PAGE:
Equality. I am not your equal before the law. I’m not quite male and I’m not quite female. Whilst I identify as female, and my passport says the same, I’m still not legally female. Not quite. My birth certificate still says I am male, and if I was arrested, I could be searched by a male, and kept with men or even in solitary.
To get a birth certificate requires a £140 fee and a petition to an anonymous panel to accept my plea to be female before the law. But I don’t matter to this plea. It is other people’s testimony that determines my fate. Other people are experts to my gender in a way that I am denied.
Let’s take it further. If I was raped, I would struggle to find shelter. If I was running away from an abusive partner, I might not be taken care of... hell, some people would even say I deserved it.
That’s my equality in the UK right now.
My gender is conditional on the whim of others. Sometimes it is respected, and other times it is dismissed.
A recent example of such is Parliament’s Women and Equalities Committee’s latest enquiry, specifically on trans issues, which said: ‘the Committee is aware that full equality for trans people still has not been achieved. In its inquiry the Committee is looking at a range of outstanding issues and considering how they can most effectively be addressed’.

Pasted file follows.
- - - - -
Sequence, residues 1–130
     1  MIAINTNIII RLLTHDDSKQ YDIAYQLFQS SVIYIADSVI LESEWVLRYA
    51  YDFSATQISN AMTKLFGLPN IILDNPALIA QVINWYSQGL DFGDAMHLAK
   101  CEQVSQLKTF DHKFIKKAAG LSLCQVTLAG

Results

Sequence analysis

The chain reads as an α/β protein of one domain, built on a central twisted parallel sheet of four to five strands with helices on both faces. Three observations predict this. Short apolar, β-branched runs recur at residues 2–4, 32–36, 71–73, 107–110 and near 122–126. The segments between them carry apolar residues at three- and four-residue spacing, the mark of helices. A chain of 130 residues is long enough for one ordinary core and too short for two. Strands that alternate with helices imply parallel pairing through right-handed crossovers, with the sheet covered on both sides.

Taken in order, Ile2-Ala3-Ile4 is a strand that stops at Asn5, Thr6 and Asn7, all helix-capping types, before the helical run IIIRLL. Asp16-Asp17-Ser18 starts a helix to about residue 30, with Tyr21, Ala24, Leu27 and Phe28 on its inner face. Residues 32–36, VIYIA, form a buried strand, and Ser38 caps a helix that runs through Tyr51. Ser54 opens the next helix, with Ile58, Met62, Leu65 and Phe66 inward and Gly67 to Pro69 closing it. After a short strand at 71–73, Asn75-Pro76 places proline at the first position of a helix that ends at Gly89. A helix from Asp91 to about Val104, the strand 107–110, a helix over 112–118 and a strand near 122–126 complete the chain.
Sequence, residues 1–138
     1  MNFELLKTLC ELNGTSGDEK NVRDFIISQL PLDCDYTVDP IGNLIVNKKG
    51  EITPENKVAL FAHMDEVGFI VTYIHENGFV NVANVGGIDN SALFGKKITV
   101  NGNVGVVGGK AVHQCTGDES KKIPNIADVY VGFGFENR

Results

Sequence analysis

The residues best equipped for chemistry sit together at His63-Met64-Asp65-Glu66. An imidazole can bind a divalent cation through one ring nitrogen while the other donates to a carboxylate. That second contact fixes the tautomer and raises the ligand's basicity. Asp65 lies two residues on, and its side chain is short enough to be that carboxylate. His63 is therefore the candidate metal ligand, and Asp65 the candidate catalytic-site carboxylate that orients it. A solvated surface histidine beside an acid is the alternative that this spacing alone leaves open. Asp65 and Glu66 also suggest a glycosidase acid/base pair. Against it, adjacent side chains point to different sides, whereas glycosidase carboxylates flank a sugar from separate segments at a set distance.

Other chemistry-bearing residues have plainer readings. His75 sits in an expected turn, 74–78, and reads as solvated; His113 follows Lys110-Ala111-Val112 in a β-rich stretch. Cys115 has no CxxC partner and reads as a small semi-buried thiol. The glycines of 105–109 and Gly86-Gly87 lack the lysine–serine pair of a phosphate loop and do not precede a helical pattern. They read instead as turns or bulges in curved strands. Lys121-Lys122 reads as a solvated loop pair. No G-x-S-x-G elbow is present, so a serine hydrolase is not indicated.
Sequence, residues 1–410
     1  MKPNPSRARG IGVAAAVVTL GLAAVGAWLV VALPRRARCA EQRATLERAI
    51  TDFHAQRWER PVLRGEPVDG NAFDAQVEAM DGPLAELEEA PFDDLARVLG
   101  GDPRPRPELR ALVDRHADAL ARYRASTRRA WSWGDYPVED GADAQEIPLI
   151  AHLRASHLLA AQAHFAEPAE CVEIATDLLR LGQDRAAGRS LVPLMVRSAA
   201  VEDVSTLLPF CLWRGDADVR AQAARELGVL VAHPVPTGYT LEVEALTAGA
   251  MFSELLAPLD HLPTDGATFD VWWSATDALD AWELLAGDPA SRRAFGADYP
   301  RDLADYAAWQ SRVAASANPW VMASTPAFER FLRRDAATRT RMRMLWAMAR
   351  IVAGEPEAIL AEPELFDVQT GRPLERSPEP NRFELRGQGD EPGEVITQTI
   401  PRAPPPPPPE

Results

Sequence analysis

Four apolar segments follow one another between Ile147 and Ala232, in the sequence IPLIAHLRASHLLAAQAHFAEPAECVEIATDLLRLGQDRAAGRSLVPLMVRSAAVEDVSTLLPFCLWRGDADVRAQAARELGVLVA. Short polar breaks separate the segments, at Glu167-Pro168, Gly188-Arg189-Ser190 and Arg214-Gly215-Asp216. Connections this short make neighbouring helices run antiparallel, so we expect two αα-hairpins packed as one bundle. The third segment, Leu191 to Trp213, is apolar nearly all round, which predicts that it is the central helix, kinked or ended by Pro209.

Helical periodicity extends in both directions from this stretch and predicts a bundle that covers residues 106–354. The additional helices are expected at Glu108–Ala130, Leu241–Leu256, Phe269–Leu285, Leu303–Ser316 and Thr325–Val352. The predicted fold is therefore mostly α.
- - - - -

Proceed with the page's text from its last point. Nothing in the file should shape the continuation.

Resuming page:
Our society, as a whole, is discriminatory towards trans people, and at 1.03am on 12 September, the government responded to a petition for the right of trans people to self-define their gender – not to jump through hoops, or beg for permission, but to claim our gender as our own. Ireland recently put this into law, but we in the UK were denied this.
But this isn’t just the Conservatives. This is you, too. This policy was also proposed for the recent Green Party Conference. We were number 30 on the prioritisation list, far too low down to have a chance to be heard, and all the efforts of our allies couldn’t change that.
And so it goes. We shout some more, more trans people are outed and vilified and bullied and fired and excluded, and many of us die in the meantime, as we slowly try to build up momentum and volume until finally enough people listen.
That’s not equality.
If this matters to you, if equality matters, then please sign the petition and pass it on. Think about future prioritisation ballots, not just for trans people, but also for intersex people – and all marginalised groups. I am a Green Party member and proud. I think we are better and more inclusive than most groups, but inclusion is an ongoing process to protect minorities and the vulnerable, not a quick fix – and involves us all working together to help each other, because none of us can succeed alone.
The petition for transgender people to self-identify their gender is available at: petition.parliament.uk/petitions/104639